I stepped out for a walk last week, and the cold almost chased me back inside. I chose to keep going, but once I was warm indoors again I called a guy who intends to give a sleeping bag to every homeless person in King County.
Eddie Wang, a young man a year out of college, sent me a note saying he and his friends are working to supply enough sleeping bags for more than 3,000 people.
No one should be left to sleep in the cold on a sidewalk, under a bridge or in a doorway, but it happens. Every January, volunteers go out and count the people sleeping outdoors in King County, and this year they counted 3,123 men, women and children.
Wang says he knows the sleeping-bag project can’t address the underlying causes of homelessness. But he says, “It’s important because we all have basic needs. A warm place to sleep is something we take for granted every night.”
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Doing something to help is much better than being frozen by the difficulty of eliminating a problem like homelessness.
That count I mentioned is done by the Committee to End Homelessness in King County, which has a 10-year plan to eliminate homelessness. The committee is made up of governments, social-service organizations and faith groups around the county. They started in 2005. Yes, you know that means an already difficult challenge ran right into the Great Recession, but the work continues.
Homelessness became real for Wang when he was a freshman at the University of Washington in 2009. “You can’t go down The Ave without passing homeless people,” he said. That was new for him, and he was struck by the contrast between the campus of one of the top universities in the country and the nearby streets.
“I came from an upper-middle-class family in Redmond, Microsoft (where his father works), that kind of thing,” Wang said. Both his parents have graduate degrees and came to the United States from Taiwan for better opportunities.
Wang double-majored in economics and social work, an unusual pairing driven by his desire to help people in some way, a desire itself fueled by his Christian faith.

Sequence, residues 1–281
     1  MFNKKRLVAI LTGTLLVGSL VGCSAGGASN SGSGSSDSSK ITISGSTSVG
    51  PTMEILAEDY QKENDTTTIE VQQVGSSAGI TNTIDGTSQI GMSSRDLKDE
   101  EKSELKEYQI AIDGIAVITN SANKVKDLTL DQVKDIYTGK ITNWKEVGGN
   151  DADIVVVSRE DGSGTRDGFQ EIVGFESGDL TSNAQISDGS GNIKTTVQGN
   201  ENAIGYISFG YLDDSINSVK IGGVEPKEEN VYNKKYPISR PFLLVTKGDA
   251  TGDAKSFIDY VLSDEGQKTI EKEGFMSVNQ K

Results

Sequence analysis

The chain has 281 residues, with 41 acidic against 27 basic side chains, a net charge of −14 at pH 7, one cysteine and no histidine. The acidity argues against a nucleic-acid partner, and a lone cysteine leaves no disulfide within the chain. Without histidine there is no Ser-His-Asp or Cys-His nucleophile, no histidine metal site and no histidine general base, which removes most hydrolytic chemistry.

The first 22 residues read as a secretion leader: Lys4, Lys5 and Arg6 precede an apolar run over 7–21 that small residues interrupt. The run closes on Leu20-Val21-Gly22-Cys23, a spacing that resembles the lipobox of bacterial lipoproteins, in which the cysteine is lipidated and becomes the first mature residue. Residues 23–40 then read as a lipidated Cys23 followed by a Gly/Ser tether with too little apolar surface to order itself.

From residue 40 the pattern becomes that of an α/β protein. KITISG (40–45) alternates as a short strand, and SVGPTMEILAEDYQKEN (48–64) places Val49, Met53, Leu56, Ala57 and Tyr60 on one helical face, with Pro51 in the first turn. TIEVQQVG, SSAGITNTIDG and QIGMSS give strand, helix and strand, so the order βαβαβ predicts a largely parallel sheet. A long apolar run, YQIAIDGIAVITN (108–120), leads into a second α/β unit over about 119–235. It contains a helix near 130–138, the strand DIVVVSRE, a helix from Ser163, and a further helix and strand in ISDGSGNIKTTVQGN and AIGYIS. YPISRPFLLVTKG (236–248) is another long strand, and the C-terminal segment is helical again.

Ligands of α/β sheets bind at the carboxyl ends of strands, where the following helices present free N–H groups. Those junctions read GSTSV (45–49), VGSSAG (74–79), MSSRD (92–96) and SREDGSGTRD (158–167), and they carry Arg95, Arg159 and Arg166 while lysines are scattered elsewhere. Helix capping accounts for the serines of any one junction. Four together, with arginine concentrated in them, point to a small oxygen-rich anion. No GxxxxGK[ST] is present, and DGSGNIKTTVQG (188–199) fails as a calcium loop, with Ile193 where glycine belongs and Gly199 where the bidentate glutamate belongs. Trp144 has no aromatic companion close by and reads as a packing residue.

He started asking homeless people to tell him their stories and would invite people he met on the street to have dinner at the house he shared with several other students. He volunteered at the Roots shelter for 2½ years.
Wang said he was moved to act by “the contrast of seeing how blessed I was. My parents paid for college. I received so many handouts to get to where I am today. Most of the people on the streets haven’t received nearly that much.”
One man he got to know was abandoned by his mother when he was only 6 months old, and he passed through 20 foster homes. “We often look past what we’ve been given,” Wang said.
A couple of months ago, Wang heard about a guy who’d given out 50 sleeping bags in the University District, and he started thinking about scaling that up. “I’m a pretty entrepreneurial guy,” he said.
He drew up a plan and asked friends for feedback, then started enlisting those who had specific skills to contribute or who could provide useful contacts.
Together they created “Sleepless in Seattle — Seattle Gives Back” to raise money to buy and distribute sleeping bags.
They’ve partnered with several nonprofits and businesses. MM Comfort Systems made a donation, Columbia Sportswear is donating 200 warm beanies, PinkaBella Cupcakes is giving a cupcake with each sleeping bag.
Wang said $75,000 will buy enough bags for more than 3,000 people. The group was more than halfway there when we spoke Thursday, helped by a $25,000 anonymous matching grant. There are details at bit.ly/sleepless2014 and Wang’s group is still gathering contributions on the crowdsourcing site Indiegogo.
Everyone working on the project is a volunteer, so every penny goes to sleeping bags. Wang’s own day job is creating a project called Centered.org, which will use video lessons to encourage “Jesus-centered leadership.”
Wang said the Sleepless project hoped to recruit 200 volunteers to distribute sleeping bags around the county on Dec. 13.
I’m sure everyone involved will have a warm feeling that night.
Jerry Large’s column appears Monday and Thursday. Reach him at 206-464-3346 or email@example.com